Roald became a fighter pilot for the RAF, flying daring combat missions over Africa. In September of 1940, after refueling in Libya, he was supposed to fly to his squadron's airstrip, located 30 miles South of Mersa Matruh, Egypt. Unable to find the airstrip and running low on fuel, Roald was forced to make an emergency landing in a desert. Unfortunately, the undercarriage of his plane clipped a boulder and he crashed.

Despite sustaining a fractured skull and a shattered nose, Roald managed to crawl away from the flaming wreckage of his plane. He regained consciousness while being treated in Mersa Matruh and found that he was temporarily blinded. He was taken to an RAF hospital in Alexandria for further treatment. The RAF investigated the crash and found that Roald was given the wrong coordinates for the airstrip, which sent him instead to a no man's land between Allied and Italian lines.

Amazingly, by February of 1941, Road Dahl had completely recovered from his injuries, regained his eyesight, and was deemed fit to resume his flying duties. This time, he flew combat missions across the Mediterranean. In April, he saw action in the Battle of Athens, where he and several other RAF pilots shot down over 20 German planes. Though he would be promoted to officer, he was ultimately relieved of duty after he'd begun suffering chronic severe headaches that sometimes caused him to black out - a result of the head injury he'd sustained in the plane crash.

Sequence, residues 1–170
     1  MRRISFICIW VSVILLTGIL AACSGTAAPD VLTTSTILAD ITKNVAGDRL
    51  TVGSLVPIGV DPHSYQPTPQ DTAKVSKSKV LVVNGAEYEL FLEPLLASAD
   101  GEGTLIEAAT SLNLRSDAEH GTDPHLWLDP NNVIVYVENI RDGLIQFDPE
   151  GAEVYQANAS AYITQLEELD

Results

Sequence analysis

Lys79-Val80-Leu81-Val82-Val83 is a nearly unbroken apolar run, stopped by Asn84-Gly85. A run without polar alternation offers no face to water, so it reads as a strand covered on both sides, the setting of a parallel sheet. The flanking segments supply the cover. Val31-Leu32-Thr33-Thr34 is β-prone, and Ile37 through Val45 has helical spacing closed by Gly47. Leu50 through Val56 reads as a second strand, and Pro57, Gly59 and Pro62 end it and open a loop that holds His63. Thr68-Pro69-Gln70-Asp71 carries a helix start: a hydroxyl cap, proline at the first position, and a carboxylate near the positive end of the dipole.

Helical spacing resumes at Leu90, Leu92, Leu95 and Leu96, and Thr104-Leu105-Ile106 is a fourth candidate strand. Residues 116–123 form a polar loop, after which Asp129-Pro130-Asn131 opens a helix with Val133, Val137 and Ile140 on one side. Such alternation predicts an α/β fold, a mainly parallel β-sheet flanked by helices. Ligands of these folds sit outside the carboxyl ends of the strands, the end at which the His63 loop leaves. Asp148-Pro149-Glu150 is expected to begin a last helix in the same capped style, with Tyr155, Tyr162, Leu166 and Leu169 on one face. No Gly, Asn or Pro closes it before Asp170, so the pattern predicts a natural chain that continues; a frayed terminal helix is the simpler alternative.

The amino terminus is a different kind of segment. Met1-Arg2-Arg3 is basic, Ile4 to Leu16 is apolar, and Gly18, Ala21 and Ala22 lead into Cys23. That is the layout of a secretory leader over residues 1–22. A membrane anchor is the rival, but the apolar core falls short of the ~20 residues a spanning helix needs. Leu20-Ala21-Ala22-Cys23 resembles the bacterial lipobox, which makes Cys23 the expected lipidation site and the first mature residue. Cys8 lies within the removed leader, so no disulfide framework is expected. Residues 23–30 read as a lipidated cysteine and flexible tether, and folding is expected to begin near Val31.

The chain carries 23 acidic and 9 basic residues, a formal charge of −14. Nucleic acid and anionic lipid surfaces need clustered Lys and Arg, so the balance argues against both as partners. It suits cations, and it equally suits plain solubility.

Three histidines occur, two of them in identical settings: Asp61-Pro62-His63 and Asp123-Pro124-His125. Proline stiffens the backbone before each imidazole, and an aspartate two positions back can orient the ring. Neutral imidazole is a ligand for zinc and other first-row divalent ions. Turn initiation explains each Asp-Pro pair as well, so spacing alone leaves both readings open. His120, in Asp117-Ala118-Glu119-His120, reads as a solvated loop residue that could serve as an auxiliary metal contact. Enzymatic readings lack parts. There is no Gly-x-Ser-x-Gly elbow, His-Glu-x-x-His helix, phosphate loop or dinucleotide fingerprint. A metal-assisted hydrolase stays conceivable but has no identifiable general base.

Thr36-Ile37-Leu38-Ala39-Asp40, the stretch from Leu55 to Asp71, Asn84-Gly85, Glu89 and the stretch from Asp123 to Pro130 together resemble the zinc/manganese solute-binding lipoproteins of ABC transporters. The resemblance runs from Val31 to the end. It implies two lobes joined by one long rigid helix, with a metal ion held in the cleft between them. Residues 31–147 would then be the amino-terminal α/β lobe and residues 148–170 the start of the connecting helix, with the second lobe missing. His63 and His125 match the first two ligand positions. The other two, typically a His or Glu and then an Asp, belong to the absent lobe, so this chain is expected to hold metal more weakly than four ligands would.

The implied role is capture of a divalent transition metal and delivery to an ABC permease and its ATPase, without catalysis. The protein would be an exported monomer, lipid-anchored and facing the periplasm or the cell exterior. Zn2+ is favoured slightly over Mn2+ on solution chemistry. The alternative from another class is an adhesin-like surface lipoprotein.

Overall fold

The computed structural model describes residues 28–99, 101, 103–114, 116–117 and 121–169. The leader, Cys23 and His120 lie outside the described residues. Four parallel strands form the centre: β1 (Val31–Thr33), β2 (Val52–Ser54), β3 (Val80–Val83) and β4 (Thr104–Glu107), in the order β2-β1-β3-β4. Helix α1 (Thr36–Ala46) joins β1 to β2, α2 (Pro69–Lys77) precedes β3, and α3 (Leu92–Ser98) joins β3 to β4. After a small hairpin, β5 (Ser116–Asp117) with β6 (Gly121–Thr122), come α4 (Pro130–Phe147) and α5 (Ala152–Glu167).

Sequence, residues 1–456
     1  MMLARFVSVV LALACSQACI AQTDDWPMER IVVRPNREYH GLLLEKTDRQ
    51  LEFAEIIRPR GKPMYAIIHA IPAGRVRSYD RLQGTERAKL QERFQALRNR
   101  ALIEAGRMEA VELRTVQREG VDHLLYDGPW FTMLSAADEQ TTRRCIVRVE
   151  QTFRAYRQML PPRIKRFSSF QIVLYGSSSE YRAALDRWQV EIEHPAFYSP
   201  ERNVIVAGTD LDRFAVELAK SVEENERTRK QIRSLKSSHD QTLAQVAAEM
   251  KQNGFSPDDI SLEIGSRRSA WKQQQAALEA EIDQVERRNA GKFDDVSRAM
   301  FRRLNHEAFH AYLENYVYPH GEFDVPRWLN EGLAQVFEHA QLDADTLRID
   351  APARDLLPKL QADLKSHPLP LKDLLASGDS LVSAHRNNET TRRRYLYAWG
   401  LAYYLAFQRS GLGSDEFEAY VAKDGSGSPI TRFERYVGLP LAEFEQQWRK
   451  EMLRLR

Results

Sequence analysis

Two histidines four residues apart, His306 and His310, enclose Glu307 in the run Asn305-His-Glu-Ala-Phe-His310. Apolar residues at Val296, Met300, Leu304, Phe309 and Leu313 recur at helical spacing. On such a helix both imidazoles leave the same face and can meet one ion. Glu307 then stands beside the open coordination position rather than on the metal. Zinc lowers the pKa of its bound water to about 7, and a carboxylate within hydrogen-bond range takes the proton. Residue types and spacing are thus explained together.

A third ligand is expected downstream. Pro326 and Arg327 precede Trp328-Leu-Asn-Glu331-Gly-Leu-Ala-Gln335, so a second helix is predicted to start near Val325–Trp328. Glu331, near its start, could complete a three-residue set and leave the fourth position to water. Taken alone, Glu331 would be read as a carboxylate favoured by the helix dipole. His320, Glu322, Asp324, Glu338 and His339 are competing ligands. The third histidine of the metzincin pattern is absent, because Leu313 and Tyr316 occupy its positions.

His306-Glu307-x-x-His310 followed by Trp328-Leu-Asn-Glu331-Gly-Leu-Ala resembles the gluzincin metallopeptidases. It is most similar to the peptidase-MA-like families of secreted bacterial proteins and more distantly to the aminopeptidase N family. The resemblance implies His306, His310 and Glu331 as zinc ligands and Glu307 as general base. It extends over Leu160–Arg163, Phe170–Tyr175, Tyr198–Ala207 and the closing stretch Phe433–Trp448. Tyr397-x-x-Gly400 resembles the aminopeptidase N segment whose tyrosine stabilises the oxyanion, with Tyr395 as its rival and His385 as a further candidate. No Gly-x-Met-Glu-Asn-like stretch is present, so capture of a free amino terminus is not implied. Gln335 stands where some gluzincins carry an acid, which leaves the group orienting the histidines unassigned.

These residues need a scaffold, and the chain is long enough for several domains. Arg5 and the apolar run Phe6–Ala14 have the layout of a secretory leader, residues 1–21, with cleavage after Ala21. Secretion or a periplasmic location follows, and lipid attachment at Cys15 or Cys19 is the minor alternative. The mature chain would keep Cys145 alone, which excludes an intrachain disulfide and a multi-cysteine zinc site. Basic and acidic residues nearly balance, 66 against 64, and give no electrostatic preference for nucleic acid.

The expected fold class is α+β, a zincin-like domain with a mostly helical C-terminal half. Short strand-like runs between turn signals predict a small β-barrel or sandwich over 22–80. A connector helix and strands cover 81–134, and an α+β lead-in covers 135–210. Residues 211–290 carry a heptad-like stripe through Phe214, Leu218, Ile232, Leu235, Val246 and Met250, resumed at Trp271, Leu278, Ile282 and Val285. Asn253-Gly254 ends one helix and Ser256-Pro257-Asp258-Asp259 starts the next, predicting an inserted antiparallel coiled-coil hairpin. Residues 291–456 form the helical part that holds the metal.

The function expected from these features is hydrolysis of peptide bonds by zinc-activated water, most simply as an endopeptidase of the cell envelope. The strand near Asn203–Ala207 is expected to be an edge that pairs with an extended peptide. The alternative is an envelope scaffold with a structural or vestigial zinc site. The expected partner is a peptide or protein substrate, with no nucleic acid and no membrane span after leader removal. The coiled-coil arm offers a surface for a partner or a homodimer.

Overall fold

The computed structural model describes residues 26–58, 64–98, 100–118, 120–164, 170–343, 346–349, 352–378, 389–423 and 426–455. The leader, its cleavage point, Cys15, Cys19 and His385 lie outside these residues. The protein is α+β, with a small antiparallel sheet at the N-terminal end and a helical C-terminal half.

Roald continued to serve during World War 2. His work for the British Information Service introduced him to espionage; he acted as an information courier for British Security Coordination, a division of M16, the British Secret Intelligence Service. Ian Fleming, the legendary author of the James Bond spy thriller novels, was a fellow agent. Dahl would later write the screenplay for the 1967 feature film adaptation of Fleming's James Bond novel You Only Live Twice.

It was during the war that Road Dahl's first published short story appeared. Inspired after meeting fellow writer C.S. Forster, Dahl wrote A Piece of Cake, a short story based on his adventures as a World War 2 flying ace. It was published by the Saturday Evening Post in August of 1942. They paid Dahl $1,000 for the story, which was a huge amount for the time - the equivalent of $13,000 in today's money.